The answer to the hitching-a-ride bit is yes, definitely possible. Long known, in fact, that certain bacterial spores are extremely hardy. I seriously doubt that they would activate and germinate on Mars, but I would think that, with regards to detecting evidence of life on Mars, the potential for contamination by earthly bacteria (and/or other forms of life) would be quite high.
posted by kisch mokusch at 4:08 PM on May 15, 2008


Generally satellites and landers are assembled in a clean-room environment. Clean rooms have filtered air and standards to prevent infiltration of most bad stuff. This is to prevent contamination from bacteria that may negatively affect the spacecraft during its operation as well as any stray dust particle or such object. While there may be a possibility of a microorganism attaching itself, the odds are extremely miniscule.
posted by JJ86 at 5:57 AM on May 16, 2008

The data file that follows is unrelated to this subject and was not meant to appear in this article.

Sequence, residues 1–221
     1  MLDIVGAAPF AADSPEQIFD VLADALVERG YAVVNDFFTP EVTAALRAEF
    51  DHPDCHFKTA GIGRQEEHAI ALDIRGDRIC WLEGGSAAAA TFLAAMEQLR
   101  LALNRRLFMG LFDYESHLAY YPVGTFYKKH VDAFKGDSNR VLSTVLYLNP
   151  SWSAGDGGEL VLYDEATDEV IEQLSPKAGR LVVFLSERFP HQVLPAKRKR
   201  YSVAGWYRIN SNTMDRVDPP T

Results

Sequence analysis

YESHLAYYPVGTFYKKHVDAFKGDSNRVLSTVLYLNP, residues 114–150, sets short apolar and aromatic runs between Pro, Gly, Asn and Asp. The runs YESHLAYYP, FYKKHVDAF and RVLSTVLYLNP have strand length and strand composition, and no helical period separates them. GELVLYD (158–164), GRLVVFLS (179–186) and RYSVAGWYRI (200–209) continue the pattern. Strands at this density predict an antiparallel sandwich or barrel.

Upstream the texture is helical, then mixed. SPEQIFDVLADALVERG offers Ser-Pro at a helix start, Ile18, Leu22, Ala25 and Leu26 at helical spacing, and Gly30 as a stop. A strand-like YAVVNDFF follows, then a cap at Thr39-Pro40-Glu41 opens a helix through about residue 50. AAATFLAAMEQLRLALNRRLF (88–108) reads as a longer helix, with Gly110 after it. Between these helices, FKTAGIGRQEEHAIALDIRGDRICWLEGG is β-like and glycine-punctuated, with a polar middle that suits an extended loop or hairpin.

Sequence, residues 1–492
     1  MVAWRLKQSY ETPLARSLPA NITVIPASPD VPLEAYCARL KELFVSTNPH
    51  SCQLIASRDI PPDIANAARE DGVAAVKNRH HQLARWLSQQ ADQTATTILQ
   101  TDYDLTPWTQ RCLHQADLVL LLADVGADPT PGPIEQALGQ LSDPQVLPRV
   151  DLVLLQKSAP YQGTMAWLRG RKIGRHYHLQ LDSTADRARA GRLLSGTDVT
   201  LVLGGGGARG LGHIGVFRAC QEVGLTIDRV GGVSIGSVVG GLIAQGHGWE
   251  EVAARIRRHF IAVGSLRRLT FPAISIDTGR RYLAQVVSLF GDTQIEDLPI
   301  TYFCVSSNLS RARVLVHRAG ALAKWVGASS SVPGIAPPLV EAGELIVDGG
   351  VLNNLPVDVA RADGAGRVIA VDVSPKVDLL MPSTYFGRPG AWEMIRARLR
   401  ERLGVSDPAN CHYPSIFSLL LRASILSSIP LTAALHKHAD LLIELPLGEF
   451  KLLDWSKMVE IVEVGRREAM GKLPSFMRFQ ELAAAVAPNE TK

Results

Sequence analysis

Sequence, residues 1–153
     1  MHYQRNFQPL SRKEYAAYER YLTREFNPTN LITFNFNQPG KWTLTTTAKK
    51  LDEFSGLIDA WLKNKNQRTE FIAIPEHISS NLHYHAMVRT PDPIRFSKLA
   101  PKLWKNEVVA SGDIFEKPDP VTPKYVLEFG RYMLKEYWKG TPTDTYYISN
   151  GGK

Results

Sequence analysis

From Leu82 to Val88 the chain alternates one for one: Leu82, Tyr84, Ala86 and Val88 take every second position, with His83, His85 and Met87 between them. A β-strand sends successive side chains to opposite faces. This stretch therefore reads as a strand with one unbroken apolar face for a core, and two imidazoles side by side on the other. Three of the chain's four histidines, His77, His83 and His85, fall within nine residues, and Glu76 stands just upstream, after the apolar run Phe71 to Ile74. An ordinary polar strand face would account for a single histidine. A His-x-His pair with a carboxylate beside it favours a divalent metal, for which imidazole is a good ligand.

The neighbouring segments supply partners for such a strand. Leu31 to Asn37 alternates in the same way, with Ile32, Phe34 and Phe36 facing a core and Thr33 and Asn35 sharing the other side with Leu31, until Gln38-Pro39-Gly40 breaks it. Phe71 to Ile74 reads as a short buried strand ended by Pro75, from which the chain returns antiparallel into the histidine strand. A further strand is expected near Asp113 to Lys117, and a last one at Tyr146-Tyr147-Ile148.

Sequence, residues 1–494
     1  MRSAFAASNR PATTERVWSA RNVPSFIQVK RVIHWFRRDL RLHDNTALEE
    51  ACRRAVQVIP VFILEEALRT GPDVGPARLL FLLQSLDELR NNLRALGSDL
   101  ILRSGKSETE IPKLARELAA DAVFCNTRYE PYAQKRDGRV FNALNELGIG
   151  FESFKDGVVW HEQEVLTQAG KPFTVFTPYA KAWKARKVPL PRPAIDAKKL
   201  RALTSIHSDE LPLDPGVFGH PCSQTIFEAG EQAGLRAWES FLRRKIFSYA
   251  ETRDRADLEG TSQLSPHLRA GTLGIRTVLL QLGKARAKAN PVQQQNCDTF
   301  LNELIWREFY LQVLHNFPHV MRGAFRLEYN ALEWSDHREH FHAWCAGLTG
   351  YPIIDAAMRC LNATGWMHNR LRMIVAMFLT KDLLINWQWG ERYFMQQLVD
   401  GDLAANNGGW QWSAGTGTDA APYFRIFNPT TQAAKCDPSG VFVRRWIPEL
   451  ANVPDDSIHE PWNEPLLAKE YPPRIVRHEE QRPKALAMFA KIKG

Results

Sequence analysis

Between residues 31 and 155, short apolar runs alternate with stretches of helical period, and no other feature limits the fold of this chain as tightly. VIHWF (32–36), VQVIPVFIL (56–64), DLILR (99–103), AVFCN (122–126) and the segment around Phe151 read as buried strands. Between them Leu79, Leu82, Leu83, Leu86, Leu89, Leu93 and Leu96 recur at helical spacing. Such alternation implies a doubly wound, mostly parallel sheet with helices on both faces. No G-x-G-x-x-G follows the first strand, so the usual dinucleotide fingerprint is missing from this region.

You can help in the search for the 1999 Mars Polar Lander.
posted by tellurian at 11:34 PM on May 20, 2008


It's almost there!
posted by Mister_A at 8:34 AM on May 23, 2008


Lands at 4:38p PST (7:38 EST) tonight! We won't know for another 15 minutes, at least, however. According to the Phoenix on Twitter, it's about to pressurize its propellants. So cool!

There's a NASA TV stream here, anyone know if it's going to be on cable?
posted by These Premises Are Alarmed at 4:11 PM on May 25, 2008


I felt a new post was warranted.
posted by goodnewsfortheinsane at 4:13 PM on May 25, 2008


Pressurizing complete!
posted by These Premises Are Alarmed at 4:20 PM on May 25, 2008